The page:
When MIT economics professor Jonathan Gruber allowed himself to be quoted by numerous media outlets about his sunny analyses of ObamaCare, including a big push by Peter Orszag on his OMB site and in challenging reporters to use Gruber’s conclusions, Gruber never bothered to mention that he was receiving money through HHS to provide consultation on health-care reform. After Gruber’s exposure, he claimed that few bothered to ask whether he received compensation from the administration and didn’t feel compelled to volunteer the information. Now two members of the Senate have demanded that kind of disclosure from Gruber.
In a letter sent earlier this week and given to Hot Air by a source in Washington, Charles Grassley (R-IA) and Michael Enzi (R-WY) demand answers to a long series of questions, including why Gruber never revealed this conflict of interest on three occasions when he testified before Congress on health-care reform. They first accuse Gruber of dishonesty:
We are writing in response to recent news reports that you received nearly $400,000 from HHS in exchange for providing technical assistance in evaluating various health care reform legislative proposals. During this same time, you have been actively promoting and defending the Administration’s preferred health care reform policies both before Congress and in the media. This includes your participation in the Finance Committee’s May 12, 2009, Roundtable Discussion entitled “Financing Comprehensive Health Care Reform”; the HELP Committee’s June 11, 2009 hearing entitled “Healthcare Reform”; and the HELP Committee’s Novembver 3, 2009 hearing entitled, “Increasing Health Costs Facing Small Businesses.” On occasions such as these, it appears that you advanced the Administration’s agenda without disclosing the fact that you were receiving federal remuneration. …
When an academic leader comes before Congress to advocate a position, Congress should have confidence that the witness is both independent and objective and not being paid to assist the Administration in its efforts. In this case, we are concerned that neither you nor the Department chose to inform Congress of your substantial ties in advance of, during, or any time after, your testimony before the Finance and HELP Committees. In fact, the biography submitted for the Finance Committee’s Roundtable Discussion makes no mention of these ties or affiliations.
After this, Grassley and Enzi take aim at HHS and the Obama administration for failing to answer questions about outside consultants — answers that would have exposed Gruber as a shill long before being outed:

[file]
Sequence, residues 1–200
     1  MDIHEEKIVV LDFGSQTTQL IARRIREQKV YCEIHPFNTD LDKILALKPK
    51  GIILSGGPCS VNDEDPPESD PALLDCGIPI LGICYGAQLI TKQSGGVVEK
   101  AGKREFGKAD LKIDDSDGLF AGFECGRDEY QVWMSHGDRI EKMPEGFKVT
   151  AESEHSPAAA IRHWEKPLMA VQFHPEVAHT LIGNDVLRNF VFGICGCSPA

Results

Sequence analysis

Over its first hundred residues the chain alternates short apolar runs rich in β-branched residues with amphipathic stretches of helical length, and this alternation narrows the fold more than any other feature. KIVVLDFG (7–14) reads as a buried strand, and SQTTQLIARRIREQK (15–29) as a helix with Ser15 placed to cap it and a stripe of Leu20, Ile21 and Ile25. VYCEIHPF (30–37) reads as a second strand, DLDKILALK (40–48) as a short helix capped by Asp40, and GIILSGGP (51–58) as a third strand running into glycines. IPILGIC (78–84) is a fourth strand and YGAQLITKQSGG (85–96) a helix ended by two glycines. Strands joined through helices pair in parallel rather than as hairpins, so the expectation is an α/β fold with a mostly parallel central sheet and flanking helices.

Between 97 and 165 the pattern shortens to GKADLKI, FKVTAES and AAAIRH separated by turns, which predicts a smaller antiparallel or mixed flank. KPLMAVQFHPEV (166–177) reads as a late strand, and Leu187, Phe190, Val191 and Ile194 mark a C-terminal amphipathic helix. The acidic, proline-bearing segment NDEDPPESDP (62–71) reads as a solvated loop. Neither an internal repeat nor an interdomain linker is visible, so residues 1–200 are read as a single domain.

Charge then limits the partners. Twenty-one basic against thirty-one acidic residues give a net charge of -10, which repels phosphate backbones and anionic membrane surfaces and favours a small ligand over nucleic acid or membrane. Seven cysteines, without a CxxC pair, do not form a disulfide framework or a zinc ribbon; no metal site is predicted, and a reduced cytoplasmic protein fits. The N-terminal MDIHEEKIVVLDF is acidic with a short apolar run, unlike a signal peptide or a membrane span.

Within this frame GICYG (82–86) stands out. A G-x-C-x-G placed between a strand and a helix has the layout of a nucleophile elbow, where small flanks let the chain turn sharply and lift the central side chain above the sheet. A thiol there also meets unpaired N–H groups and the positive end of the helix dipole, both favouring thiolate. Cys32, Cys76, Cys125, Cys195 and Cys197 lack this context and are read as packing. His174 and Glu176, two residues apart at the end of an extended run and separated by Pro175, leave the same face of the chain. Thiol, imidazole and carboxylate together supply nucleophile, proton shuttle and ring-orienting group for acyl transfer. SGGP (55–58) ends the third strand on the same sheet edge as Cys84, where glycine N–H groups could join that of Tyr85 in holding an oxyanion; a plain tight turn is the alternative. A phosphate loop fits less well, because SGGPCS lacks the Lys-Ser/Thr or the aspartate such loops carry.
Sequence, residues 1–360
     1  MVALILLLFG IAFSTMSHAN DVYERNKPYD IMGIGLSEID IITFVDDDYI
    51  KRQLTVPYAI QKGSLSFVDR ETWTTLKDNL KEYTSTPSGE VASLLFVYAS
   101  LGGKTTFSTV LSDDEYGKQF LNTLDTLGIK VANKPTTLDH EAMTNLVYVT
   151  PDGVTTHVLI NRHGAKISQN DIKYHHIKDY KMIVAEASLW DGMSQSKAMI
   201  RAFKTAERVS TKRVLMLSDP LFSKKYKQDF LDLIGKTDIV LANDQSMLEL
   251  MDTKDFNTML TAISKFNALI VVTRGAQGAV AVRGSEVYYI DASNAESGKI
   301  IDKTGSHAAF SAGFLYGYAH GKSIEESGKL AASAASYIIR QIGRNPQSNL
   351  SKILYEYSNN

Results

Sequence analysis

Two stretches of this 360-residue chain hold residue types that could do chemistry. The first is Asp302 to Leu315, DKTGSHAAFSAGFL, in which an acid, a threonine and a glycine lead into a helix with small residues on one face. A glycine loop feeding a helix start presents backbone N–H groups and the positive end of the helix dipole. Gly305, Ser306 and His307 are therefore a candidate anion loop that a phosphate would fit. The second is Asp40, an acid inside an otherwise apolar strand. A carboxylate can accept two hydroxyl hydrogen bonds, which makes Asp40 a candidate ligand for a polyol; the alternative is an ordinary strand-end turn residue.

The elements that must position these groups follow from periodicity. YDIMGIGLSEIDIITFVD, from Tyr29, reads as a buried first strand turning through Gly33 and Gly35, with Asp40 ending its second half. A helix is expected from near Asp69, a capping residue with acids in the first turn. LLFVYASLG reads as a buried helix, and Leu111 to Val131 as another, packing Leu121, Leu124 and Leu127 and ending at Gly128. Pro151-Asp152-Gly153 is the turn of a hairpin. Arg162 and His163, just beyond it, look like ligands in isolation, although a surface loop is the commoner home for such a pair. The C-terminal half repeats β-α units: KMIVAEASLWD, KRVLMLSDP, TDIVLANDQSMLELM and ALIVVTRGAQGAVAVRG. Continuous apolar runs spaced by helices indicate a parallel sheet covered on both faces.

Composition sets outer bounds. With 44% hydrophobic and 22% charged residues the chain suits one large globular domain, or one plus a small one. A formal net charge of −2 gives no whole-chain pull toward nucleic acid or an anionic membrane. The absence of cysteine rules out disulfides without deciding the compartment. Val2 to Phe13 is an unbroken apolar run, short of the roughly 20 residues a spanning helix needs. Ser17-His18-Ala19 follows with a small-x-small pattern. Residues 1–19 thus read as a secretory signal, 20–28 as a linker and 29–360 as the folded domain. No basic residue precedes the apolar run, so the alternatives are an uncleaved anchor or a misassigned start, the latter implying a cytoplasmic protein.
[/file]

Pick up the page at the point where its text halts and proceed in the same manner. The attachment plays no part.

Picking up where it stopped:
In July, Senator Enzi write to HHS Secretary Sebelius requesting among other information, a list of all outside consultants with the Department and copies of their agreements. HHS was unresponsive to this request, which should have revealed your relationship with the Department. Senator Enzi recently wrote again to reiterate this request to HHS Secretary Sebelius and to ask for additional information concerning your relationship with the Department. Senator Grassley also wrote to Secretary Sebelis requesting that HHS require any individuals under contract with the Department to disclose that fact publicly prior to any testimony before Congress. Additionally, Senator Grassley requested that HHS provide a complete list of individuals who are currently under contract, or have been under contract at any point last year, to assist the Department in any aspect of the health care reform process.
So much for increased transparency! This is an angle that we hadn’t yet seen. The Republicans on these panels must have had some suspicion that the White House was tossing ringers into these committee meetings and wanted a list of consultants from HHS to spot them. HHS refused — and now one of those consultants got exposed anyway.
Hopefully Grassley and Enzi will stay on top of this development and find out if HHS or any of the other federal agencies in the Obama administration have more paid shills acting as independent voices supporting their agenda, especially on ObamaCare.
Update: Ben Smith at Politico jumps on this immediately, and gets a “no comment” from Gruber.